Holding the door


Yesterday I held the door for a young man as we exited our local YMCA. He was right behind me as I went out into the chilly outside from the comfortable warmth of the building. I held the door for him. He hurried forward and said, “Oh, thank you so much.” Nothing unusual in those words of courtesy, what was unusual, however, was in the manner it was said. There was a certain intonation in those words, a certain dip in his head, a certain respectful smile that caught my attention. As I walked to my car, my heart felt happy at my simple gesture and the kind reciprocation of a fellow human. We often say “thank you” to strangers without meaning it. This man meant his “thank you.”

Ross Gay’s The Book of Delights has left a mark on me. This was my delight yesterday – a few meaningful words from a complete stranger.

The “goods”.


“Mom, are you seriously going to let Sahana take an Uber from the airport?” Ryan asked me last night, aghast at my non motherly gesture.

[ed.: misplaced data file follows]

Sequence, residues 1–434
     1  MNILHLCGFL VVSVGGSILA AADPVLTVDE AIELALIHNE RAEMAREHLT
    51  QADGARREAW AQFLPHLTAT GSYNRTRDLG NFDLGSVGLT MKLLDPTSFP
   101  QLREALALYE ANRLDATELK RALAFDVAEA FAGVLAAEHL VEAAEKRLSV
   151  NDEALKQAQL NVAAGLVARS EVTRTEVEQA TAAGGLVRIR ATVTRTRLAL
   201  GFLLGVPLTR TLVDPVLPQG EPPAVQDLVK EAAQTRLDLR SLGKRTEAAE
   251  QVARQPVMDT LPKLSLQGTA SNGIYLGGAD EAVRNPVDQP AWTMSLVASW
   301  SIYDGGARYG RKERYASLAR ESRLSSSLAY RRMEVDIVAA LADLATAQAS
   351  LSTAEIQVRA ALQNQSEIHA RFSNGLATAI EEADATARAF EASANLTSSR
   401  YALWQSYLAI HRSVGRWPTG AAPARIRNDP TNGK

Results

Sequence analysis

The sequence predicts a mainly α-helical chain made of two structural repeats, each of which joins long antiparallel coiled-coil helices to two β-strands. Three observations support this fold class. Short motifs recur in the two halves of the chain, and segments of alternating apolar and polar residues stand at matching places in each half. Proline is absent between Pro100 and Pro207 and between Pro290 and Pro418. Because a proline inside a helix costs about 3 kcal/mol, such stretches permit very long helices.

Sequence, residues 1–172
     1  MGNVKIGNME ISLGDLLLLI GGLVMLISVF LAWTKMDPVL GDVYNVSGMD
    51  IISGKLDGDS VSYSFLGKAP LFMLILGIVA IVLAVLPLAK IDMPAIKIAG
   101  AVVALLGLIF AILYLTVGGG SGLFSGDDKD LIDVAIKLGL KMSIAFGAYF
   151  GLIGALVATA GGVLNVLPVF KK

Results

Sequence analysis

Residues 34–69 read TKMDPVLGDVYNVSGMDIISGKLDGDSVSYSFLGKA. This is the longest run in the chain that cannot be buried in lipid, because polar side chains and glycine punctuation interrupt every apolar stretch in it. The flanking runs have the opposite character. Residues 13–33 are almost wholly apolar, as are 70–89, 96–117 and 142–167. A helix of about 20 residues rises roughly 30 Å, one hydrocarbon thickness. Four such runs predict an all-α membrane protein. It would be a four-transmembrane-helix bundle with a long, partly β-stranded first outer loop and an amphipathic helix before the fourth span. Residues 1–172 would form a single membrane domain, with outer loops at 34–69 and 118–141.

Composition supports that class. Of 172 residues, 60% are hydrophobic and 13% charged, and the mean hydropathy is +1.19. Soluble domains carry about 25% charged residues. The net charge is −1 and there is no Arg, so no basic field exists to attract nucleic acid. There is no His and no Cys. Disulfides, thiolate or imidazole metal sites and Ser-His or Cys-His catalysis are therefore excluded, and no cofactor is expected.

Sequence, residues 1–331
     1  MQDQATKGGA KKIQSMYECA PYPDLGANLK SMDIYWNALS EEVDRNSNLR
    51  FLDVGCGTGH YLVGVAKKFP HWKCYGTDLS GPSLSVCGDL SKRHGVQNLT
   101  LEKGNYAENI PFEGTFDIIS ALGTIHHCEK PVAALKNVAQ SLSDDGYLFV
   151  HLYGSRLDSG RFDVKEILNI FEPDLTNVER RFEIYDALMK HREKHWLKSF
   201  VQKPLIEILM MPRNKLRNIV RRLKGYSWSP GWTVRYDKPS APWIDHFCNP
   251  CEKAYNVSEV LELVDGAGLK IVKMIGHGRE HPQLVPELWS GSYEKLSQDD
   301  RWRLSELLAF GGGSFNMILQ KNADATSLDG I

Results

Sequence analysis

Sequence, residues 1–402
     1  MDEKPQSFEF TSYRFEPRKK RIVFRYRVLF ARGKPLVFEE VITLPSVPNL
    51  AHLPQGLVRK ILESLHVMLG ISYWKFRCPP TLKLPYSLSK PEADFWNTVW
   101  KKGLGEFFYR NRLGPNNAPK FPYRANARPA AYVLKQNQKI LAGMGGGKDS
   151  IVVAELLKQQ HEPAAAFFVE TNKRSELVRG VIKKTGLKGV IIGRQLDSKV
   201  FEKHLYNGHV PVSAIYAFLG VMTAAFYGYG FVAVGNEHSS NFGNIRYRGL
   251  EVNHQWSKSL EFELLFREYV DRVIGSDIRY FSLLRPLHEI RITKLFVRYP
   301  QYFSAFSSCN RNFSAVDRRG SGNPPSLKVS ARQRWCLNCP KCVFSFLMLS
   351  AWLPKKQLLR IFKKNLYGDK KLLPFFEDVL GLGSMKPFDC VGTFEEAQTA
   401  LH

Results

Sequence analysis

“Yes!! She is coming in at night. I will be in my pajamas with a book at that time. She is a big girl.” I replied nonchalantly.

It was obvious this response bothered 17 year old, new driver Ryan.

“I will pick her up. I will write to her.” He shook his head.

I could not stay home as Ryan drove to the airport. It was his first time and I wanted to be his co-pilot negotiating with Sahana where she was waiting to be picked up. As he drove and I chatted, I told him this was very nice of him. He said, “Well, she picked me up after my prom at 1 am. This is the least I can do.”

Sahana, understandably, was very pleased with her little brother for helping her save Uber money. She thanked him profusely. And as I listened to them chatter, I thought I have been building cathedrals all these years and now that I am getting close to seeing the whole structure, I like what Sean and I built.